A US Open to remember - relatively
Jun 19, 2012 / 5:00 am
Sunday, June 17th, 2012 will always be remembered in the world of golf as Webb Simpson’s first or maybe only Major victory… when proven Champions like Furyk, McDowell, Els and indeed Woods and Mickelson withered under the pressure of a US Open Sunday in the mist and fog of Olympic Club in San Francisco. Well, that is at least how the United States Golf Association believes it will be remembered. Fans and indeed media – assuming we believe the journalists and bloggers who DON’T use such headlines as “What a Wicked Webb He Wove”- largely regarded the tournament as another USGA event aimed to reward the unspectacular and place a premium on a complete lack of imagination. I can now say emphatically that success was achieved and 4 days of watching the best players in the world bunting 5 irons off the tee down a bowling alley and aiming away from all things pin-related on their approach shots is mercifully over and regular golf programming can now resume. At least until The Open Championship, when the R&A in its infinite wisdom has promised to unveil windmills, waterfalls and the occasional clown’s mouth in an effort to ‘protect the sanctity of par’ around the once-proud Royal Lytham & St. Annes. Phew… and here I was thinking that these Amateur organizations might still have an agenda related to the Golf Professional and his desire to enter the clubhouse through the front door…
Let’s not misunderstand me here – Webb Simpson is a worthy winner and that shiny new Jack Nicklaus Medal hangs around the neck of a man whose weekend 68-68 dodged all the necessary traffic of a traditional US Open pile-up. The Keegan-Bubba-Webb trifecta pays off about $1.25M on a $2 bet if you just happened to have a thing for ‘unusual’ names and happened to notice that the Old Guard is spending a lot more time in What Went Wrong press conferences while the New Breed is extolling the virtues of on-course prayer and nerves that know no better. Safe to hypothesize that your chances of seeing Simpson and Watson ‘making it rain’ at Rachel’s in West Palm Beach anytime in the future is a tougher bet to realize than say a Brandt or a Spencer holding up the Claret Jug in the near future. A re-appearance of Drunken Chicken Guy in England would, however, trump all other outcomes and just for that briefest of moments make me forget that when it comes to putting on a Golf Tournament it is still those Green Jacketed do-as-we-say-not-as-we-do Men of the Masters who have perfected the formula, while the USGA and R&A continue to languish behind mouthing such phrases as “fair test” and “stern examination.”
The problem which continues to plague the US Open is that the USGA seems to insist that an integral part of its mandate is to protect the reputation of the so-called Classic Courses whose due-paying members (in the case of Private clubs) and hard-core daily fee payers (in the case of Public tracks like Bethpage Black) believe they have an inherent right to see the world’s best struggle around their beloved acreage. It is an inane concept and while the bobble-heads responsible for NBC’s coverage – led by that pantheon of all things self-serving, Johnny Miller – continue to pump USGA Executive Director Mike Davis’ tires with hot air, it is the Golf Fan who is left to suffer through endless hours of “He’s hitting less than Driver off the tee just hoping to find the fairway” and 20-footers for par. It is groans that ring through the trees of a US Open tempered occasionally by cheers when a ball is accidentally pushed or pulled 15-20 feet off-line away from the centre of the green and towards the flag. Nothing like the good solid risk/reward of a 670-yard par 5 where players opt for hybrid off the tee! Yes, the Rip Van Winkle Quotient of this story is high and allows for plenty of Millerian discussion of his remarkable 63 at Oakmont and Jimmy Roberts fluff pieces.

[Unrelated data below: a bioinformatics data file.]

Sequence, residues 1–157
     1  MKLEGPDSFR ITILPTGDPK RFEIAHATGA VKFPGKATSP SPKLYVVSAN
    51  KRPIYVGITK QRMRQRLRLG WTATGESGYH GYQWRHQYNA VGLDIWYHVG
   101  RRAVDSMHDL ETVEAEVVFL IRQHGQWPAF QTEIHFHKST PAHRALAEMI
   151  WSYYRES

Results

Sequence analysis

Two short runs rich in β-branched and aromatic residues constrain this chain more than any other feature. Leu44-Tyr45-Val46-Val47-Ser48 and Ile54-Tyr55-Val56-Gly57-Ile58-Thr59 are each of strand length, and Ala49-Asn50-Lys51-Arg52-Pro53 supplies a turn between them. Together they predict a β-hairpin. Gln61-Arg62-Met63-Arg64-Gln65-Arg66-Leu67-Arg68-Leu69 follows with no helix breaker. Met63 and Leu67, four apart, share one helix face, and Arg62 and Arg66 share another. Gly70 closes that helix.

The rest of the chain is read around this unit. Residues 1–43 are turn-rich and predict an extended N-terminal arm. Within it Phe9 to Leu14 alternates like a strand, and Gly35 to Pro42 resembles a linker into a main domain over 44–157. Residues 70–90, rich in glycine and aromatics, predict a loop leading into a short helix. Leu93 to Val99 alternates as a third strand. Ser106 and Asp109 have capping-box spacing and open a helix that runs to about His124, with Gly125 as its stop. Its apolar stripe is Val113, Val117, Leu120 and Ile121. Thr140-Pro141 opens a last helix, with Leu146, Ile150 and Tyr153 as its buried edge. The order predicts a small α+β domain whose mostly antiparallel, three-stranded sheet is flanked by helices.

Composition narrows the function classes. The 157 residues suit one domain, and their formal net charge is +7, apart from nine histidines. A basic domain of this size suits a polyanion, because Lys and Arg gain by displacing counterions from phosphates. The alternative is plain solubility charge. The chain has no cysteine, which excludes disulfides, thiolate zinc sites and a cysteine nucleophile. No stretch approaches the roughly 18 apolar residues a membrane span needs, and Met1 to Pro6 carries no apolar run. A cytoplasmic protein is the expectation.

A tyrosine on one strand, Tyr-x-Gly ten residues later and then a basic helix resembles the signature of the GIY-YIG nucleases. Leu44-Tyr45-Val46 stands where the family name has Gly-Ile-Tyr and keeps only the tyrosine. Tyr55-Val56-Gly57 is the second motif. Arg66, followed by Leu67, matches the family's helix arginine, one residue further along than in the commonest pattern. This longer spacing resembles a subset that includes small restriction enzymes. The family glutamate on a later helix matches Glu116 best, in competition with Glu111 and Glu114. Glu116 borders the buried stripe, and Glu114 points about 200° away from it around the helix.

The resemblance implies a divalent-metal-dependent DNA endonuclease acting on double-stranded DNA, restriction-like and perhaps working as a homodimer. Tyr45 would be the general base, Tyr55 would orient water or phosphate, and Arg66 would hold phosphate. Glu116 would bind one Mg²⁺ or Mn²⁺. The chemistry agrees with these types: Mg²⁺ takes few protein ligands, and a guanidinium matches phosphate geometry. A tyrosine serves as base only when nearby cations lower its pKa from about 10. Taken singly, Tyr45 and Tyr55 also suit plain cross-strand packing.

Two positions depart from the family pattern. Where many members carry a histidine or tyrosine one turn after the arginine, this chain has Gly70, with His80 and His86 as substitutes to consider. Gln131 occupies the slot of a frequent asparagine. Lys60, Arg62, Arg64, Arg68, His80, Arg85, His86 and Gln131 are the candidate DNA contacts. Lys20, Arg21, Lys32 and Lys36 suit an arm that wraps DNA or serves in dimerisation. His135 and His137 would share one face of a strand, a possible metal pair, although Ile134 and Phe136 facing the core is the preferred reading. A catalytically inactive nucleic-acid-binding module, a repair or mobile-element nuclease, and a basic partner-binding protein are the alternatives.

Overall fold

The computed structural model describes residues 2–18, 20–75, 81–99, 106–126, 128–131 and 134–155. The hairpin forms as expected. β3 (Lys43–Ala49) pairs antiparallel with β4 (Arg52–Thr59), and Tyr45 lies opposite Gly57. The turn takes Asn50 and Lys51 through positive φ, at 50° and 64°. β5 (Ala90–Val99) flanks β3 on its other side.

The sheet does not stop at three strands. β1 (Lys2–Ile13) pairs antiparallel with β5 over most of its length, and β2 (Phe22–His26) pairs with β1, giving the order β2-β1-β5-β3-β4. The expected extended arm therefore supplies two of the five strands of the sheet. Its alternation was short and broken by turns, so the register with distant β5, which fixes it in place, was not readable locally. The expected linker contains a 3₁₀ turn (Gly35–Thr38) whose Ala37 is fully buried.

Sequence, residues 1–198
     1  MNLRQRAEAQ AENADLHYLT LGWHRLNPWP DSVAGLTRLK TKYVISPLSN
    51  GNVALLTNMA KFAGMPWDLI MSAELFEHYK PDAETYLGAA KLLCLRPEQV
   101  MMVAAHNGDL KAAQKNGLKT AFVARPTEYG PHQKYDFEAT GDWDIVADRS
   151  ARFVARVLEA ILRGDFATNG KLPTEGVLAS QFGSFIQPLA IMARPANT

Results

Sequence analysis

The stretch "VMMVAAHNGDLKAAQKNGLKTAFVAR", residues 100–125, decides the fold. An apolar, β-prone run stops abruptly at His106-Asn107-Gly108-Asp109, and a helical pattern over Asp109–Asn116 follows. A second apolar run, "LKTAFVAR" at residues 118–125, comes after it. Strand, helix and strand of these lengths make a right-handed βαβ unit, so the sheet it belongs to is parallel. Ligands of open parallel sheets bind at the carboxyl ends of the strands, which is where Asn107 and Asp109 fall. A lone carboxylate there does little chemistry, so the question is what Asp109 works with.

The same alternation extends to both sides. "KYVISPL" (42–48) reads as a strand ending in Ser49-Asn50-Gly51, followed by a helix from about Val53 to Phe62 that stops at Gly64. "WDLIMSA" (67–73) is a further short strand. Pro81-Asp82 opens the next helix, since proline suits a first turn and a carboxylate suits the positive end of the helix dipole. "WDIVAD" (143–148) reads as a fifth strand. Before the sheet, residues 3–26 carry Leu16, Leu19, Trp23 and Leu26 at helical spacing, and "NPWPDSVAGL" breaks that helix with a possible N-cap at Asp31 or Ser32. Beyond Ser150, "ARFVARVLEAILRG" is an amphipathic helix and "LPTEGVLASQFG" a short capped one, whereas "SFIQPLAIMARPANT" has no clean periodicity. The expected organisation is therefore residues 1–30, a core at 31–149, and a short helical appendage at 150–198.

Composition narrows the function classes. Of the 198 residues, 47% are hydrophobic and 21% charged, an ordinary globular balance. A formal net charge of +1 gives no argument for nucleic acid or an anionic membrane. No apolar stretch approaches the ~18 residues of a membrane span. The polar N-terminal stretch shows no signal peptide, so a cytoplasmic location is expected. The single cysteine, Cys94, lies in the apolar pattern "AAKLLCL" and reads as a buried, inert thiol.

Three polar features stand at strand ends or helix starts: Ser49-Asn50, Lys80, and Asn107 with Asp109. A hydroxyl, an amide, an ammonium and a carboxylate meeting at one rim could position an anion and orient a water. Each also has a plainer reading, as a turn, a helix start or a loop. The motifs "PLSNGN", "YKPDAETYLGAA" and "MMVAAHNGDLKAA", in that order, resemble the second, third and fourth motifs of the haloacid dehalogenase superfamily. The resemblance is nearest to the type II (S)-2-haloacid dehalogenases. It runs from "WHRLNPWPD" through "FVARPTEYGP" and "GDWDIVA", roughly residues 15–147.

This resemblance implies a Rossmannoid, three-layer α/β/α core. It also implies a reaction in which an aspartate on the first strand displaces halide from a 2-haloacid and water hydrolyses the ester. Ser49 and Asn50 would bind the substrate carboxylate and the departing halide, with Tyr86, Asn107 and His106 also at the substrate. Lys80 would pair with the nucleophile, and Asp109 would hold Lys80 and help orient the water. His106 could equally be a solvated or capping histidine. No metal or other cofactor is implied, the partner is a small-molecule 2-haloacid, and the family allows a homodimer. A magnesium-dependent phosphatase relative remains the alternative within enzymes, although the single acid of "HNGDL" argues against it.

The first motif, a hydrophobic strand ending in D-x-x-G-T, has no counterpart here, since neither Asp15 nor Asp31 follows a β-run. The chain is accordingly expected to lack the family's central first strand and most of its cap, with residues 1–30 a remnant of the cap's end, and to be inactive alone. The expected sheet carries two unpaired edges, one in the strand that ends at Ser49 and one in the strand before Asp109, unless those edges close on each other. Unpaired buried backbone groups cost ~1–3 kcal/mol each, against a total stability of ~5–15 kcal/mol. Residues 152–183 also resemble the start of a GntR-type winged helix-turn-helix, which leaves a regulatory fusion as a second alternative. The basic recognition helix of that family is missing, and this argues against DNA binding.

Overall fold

Sadly, this 1999 US Open moment seems an eternity ago when the resplendent Payne Stewart celebrated his final Father’s Day with a putting performance which, through time and circumstance, have many remembering Pinehurst #2 that year with great fondness. It is easy to forget, in light of Stewart’s remarkable finish to best Mickelson and his subsequent untimely passing, that players were more than a tad vocal in their distaste about the USGA set-up prior to the beginning of the tournament. Ironically, it came on the heels of the comical set-up at Olympic Club the year before when pin positions had been about as well thought out as the plot lines of CSI: Miami but without all the great acting.
In 2000 though Pebble Beach held its own as it always does – except for a particular striped predator in the midst of one of the most magnificent golf seasons ever put together. His dominance that year and Rory McIlroy’s runaway victory in 2011 both immediately led to reactionary set-up measures the following Father’s Day. In ’01 Fans were forced to endure a Southern Hills course so bastardized that players were choosing to hit into greenside bunkers rather than the more traditional approach of the green itself. Yup, just a little bit Mickey and a whole lot of Mouse. If you think Rory’s ability to exploit Congressional’s wet conditions with his Driver last year didn’t contribute to a set-up designed to almost completely remove Ye Olde 1-Wood from the bag, then may I humbly suggest you look into aiding that Nigerian Prince whose e-mail suggests your help will be invaluable in reclaiming his lost fortune. I’ll check in with you next Dad’s Day and see how that’s going for you.
Until next time Kelowna please remember: It is an Honour like no other to be a Father and a Privilege like no other to be a Son.
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